Afghan Asylum Claims May Drag On
By CAROLINE BYRNE
.c The Associated Press
LONDON (AP) - Britain has staked out a tough line against Afghans seeking asylum after a hijacking, but it could be months before a final decision. Afghanistan warned Friday that the hijackers could face death if they returned.
After a standoff ended early Thursday at London's Stansted airport, 74 of the freed hostages - almost half - requested asylum. Police have arrested 22 people who will likely face trial in Britain. The rest are still considering their options.
Some British tabloids on Friday were incensed over speculation that some of the Afghans might have used the hijacking to win asylum.
``No Entry'' proclaimed The Express of London, objecting to the prospective immigrants.
The Sun branded their temporary shelter near Stansted airport as ``the Kabul Hilton.'' The tabloid wrote: ``I watched in astonishment yesterday as a swish Hilton Hotel was turned into a four-star refugee camp for a bedraggled bunch of Afghan asylum seekers.''
``Welcome to your Home Cheat Home,'' said a Daily Star headline.
``Hi, Jack! Where's the four-star hotel?'' said The Mirror.
``Jack'' refers to Home Secretary Jack Straw, who promised to review personally every asylum application and send the hostages home or to another country as soon as possible.
Even if their applications were rejected, they would have 12 days to file an appeal and an indeterminate amount of time for a hearing, the Home Office confirmed.
Because of the complex nature of human rights claims and the large number of applicants, the process would likely continue for several months or even a year, said Amnesty International spokesman Neil Durkin.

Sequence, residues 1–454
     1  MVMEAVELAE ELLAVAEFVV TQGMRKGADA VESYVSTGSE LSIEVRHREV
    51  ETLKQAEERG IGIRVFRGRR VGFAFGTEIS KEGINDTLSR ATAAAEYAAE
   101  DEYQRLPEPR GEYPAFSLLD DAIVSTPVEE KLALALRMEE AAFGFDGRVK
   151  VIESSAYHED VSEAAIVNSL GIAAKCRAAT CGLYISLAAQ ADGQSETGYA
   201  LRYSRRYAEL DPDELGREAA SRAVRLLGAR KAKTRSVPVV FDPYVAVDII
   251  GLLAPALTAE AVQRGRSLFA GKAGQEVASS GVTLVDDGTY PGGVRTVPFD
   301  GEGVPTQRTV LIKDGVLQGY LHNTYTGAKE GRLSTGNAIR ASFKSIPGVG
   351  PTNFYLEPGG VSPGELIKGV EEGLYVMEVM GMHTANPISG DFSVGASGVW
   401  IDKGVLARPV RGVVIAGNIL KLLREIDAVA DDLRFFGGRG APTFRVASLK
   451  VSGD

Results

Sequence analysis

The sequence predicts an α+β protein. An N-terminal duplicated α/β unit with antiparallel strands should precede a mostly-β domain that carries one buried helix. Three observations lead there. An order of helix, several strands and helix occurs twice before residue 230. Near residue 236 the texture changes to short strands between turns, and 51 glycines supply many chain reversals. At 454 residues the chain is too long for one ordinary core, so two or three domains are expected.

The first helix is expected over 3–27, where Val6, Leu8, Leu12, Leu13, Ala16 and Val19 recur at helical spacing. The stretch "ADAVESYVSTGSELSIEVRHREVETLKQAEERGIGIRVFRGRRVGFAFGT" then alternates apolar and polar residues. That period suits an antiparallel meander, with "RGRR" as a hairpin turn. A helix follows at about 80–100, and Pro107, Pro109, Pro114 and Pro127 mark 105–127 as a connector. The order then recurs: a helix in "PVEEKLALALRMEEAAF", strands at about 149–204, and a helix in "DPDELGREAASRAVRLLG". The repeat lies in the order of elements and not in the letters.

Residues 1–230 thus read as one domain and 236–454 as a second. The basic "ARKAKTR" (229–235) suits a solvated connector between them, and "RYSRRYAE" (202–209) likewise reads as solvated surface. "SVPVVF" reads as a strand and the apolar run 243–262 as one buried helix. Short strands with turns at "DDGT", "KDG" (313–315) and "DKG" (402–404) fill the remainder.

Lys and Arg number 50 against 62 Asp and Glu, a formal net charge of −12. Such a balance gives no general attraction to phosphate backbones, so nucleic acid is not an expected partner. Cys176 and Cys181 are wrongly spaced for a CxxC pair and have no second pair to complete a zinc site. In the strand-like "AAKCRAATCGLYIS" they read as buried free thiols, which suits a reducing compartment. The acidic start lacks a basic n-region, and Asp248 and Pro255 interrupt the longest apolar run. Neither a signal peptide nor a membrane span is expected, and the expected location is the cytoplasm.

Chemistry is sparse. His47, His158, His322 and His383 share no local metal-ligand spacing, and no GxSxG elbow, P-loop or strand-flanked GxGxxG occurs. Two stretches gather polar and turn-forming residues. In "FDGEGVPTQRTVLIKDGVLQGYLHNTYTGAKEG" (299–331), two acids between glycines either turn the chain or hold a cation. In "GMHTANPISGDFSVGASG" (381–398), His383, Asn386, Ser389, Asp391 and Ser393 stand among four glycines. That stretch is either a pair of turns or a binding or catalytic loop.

``Although there's an understandable need to bring the hijackers to justice, the home secretary must not risk sending innocent men, women and children back to a terrible fate,'' said Durkin.
Meanwhile, Gen. Rahmatullah Safi, European representative for the Taliban, told BBC radio that in Afghanistan ``punishment will be according to the law of Shariah, which is death.''
But Taliban Foreign Minister Wakil Ahmed Muttawakil later said the death penalty was not automatic for hijackers, and he encouraged the hostages to return home. He has asked British authorities to deal with the hijackers in ``accordance with British law and international norms.''
It was not known if any of the hijackers have requested asylum.
A plane chartered by the Geneva-based International Organization for Migration arrived in England on Friday to ferry passengers back to Afghanistan, but the aircraft may not take off until next week.
``At the moment it looks like there are about 20 or so who have said they want to fly home,'' said Diane Grammer, spokeswoman for the organization.
Under the 1951 United Nations Convention on Refugees, Britain can refuse asylum to people who have committed grave crimes. But under the European Convention on Human rights, they may not be deported if there is a risk of them being tortured or ill-treated in their home state.
All of those on board - both hijackers and hostages - were at risk should they return to Afghanistan, said Nick Hardwick, chief executive of the Refugee Council.
``There is absolutely no doubt their lives would be in danger,'' said Hardwick. ``It is not just what the government would do but what the government would incite others to do to them. ... The women risk their lives. The children risk persecution and an unpleasant future.''
Britain has a sympathetic track record in dealing with Afghan claimants.
But Straw told the House of Commons that the fact that the passengers were on an internal flight made it difficult to believe they intended to claim asylum unless they were complicit in the hijacking.
The hijackers had taken over the Ariana Boeing 727 jet early Sunday during what should have been a short domestic flight from the Afghan capital of Kabul to the northern town of Mazar-e-Sharif.
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